There are a plethora of stories newly published in paperback, from popular fiction to love stories and dramas, and a clutch of paperback originals…
Dive into The Golden Couple by Greer Hendricks and Sarah Pekkanen (Pan, paperback Aug 18), a riveting psychological thriller about a perfect couple who are not all they seem to be. The authors have a great track record with their bestselling page-turners The Wife Between Us and You Are Not Alone.
Anyone who hasn’t caught the toe-curling debut The Other Black Girl by Zakiya Dalila Harris should nab a copy now. It focuses on two young black women who meet in the white world of New York publishing, and then one starts receiving menacing notes on her desk at work. It was a New York Times bestseller, and TV rights have now been optioned.
The Long Weekend by Gilly Macmillan is another one to watch out for, set in an eerie isolated retreat in the Northumbrian moors where three female friends meet for weekend getaway, thinking their husbands will be joining them. But on arrival, they find a sinister note claiming one of their husbands has been murdered. With no phone signal or internet, friendships fall apart as they try to find out what’s happened.
It’s hard to miss the buzzy new film adaptation of the novel Where The Crawdads Sing by Delia Owens, part murder-mystery, part coming-of-age story set in the dense marshlands of the North Carolina coast, where isolated Kya endures loneliness, grief, prejudice and betrayal, escaping to her haven of the natural world. Inevitably, the book is deeper and more descriptive than the film, so bag a copy if you haven’t yet.
And on the back of the runaway success of Normal People, Sally Rooney’s latest literary love story Beautiful World, Where Are You is bound to gain a lot of traction over the summer. It tells the story of Alice, a novelist, who meets warehouse worker Felix and asks him to travel to Rome with her. Meanwhile, her best friend Eileen starts flirting with Simon, who she’s known since childhood. Expect desire, sex, complex friendships and more in this number one bestseller.
While Bob Mortimer fans may be waiting for his debut novel The Satsuma Complex to arrive this autumn, they should get stuck into his hilarious and heartbreaking memoir And Away…, last year’s bestselling autobiography, which has hit the shelves in paperback with a new chapter.
Other riveting real-life reads include Billy Connolly’s Windswept & Interesting, and the Reverend Richard Coles’ bestselling memoir The Madness Of Grief.
The celebrity clergyman charts his relationship with his partner David, his death from alcohol addiction in 2020, and Coles’ subsequent journey of grief – the ‘sadmin’ he had to complete as he tried to tie up loose ends and navigate life without his partner of 12 years.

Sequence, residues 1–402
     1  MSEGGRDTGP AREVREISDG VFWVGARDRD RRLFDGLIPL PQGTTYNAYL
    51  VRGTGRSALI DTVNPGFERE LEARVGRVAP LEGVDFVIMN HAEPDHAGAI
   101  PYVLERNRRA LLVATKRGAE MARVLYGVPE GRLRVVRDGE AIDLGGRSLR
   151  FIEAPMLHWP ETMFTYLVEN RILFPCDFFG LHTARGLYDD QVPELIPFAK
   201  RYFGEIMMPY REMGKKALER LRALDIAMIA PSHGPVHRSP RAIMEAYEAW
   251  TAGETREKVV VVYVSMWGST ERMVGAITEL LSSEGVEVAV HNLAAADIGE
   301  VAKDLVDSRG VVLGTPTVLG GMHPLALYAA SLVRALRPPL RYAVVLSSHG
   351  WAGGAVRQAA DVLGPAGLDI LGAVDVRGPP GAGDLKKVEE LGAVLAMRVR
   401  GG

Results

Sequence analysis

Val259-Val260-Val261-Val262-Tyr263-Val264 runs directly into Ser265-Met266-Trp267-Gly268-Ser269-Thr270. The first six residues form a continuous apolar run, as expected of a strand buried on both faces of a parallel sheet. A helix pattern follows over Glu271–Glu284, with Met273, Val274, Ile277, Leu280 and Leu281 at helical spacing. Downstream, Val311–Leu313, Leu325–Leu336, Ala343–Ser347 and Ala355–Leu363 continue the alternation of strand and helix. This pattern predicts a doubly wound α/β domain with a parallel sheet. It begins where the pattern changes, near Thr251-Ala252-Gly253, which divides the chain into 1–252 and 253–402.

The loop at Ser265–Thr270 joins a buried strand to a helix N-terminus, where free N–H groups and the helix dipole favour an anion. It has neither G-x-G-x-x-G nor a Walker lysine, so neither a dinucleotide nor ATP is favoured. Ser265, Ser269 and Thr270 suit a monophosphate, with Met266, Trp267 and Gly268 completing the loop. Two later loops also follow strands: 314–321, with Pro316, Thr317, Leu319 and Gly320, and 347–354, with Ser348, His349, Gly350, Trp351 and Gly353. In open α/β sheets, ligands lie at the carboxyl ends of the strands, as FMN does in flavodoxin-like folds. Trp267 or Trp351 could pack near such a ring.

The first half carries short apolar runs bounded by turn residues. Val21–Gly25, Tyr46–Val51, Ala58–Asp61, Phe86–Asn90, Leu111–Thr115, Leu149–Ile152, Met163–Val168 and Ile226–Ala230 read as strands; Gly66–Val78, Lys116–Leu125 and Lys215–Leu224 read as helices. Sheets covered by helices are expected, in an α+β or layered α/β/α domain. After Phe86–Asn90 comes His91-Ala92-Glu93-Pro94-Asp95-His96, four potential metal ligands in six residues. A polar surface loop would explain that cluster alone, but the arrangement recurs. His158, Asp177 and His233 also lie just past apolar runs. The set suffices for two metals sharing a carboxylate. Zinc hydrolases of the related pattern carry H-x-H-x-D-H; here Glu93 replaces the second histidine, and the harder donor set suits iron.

If you prefer to dip in and out of a book on holiday, short stories are the way to go. The Jealousy Man by Jo Nesbo is the first short story collection from the creator of the Harry Hole series, featuring all manner of nerve-tingling scenarios – from a detective hunting a man suspected of murdering his twin, to two travellers meeting by chance in potentially suspicious circumstances.
On a completely different note, Love Stories by Australian author Trent Dalton began when he sat on a street with a sky blue Olivetti typewriter and asked the world: can you please tell me a love story?
This intimate collection – including stories about a blind man who longs to see the face of his wife of 30 years, and a widower who finds a video his wife secretly recorded before she died – will tug at your heartstrings.
You can’t beat a good Sophie Kinsella novel for a little light relief from life’s woes, and The Party Crasher is the ideal escapist read. It centres on Effie, a young woman who has fallen out with her father and his glamorous new girlfriend – and things go awry when she tries to sneak into a party they are hosting, to retrieve her beloved Russian dolls. Funny, slightly ridiculous and always entertaining, this will have you laughing on your beach lounger.
The Summer Trip by Isabelle Broom sees Ava return to Corfu after 18 years, having never forgotten what happened to her or who she left behind. Now single, estranged from her family and about to become an empty nester, her life feels as far removed from the one she dreamed of as a teenager – a life that is now being lived by her sister.
A rich mixture of historical figures feature in The Case Of The Married Woman by Lady Antonia Fraser (Weidenfeld & Nicolson, paperback Aug 27), a biography charting the trial of Caroline Norton, the 19th century author and campaigner accused of adultery with the first Victorian prime minister. Norton tirelessly fought for justice for women across society – a complex character, she helped make the world a better place for the women who came after her.
In fiction, Rose Tremain takes readers on a journey through Victorian England with Lily, following the fortunes of the eponymous heroine, an abandoned orphan. Lily is fostered by a kind farming family in rural Suffolk before returning to London, where she finds work at a wig emporium – all the while hiding a terrible secret…